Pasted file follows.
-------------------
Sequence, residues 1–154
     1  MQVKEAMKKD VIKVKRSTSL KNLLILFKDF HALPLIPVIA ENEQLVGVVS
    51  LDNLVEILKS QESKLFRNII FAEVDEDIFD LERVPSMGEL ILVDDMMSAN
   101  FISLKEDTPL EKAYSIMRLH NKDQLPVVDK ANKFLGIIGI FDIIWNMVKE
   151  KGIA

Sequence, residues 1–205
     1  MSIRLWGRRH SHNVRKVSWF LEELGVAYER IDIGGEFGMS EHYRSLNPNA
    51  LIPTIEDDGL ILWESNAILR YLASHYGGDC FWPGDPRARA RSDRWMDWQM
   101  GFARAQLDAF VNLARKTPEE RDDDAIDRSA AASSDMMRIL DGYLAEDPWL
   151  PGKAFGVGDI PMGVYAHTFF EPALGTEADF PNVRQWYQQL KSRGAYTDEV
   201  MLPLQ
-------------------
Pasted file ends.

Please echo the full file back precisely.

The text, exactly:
Sequence, residues 1–154
     1  MQVKEAMKKD VIKVKRSTSL KNLLILFKDF HALPLIPVIA ENEQLVGVVS
    51  LDNLVEILKS QESKLFRNII FAEVDEDIFD LERVPSMGEL ILVDDMMSAN
   101  FISLKEDTPL EKAYSIMRLH NKDQLPVVDK ANKFLGIIGI FDIIWNMVKE
   151  KGIA

Sequence, residues 1–205
     1  MSIRLWGRRH SHNVRKVSWF LEELGVAYER IDIGGEFGMS EHYRSLNPNA
    51  LIPTIEDDGL ILWESNAILR YLASHYGGDC FWPGDPRARA RSDRWMDWQM
   101  GFARAQLDAF VNLARKTPEE RDDDAIDRSA AASSDMMRIL DGYLAEDPWL
   151  PGKAFGVGDI PMGVYAHTFF EPALGTEADF PNVRQWYQQL KSRGAYTDEV
   201  MLPLQ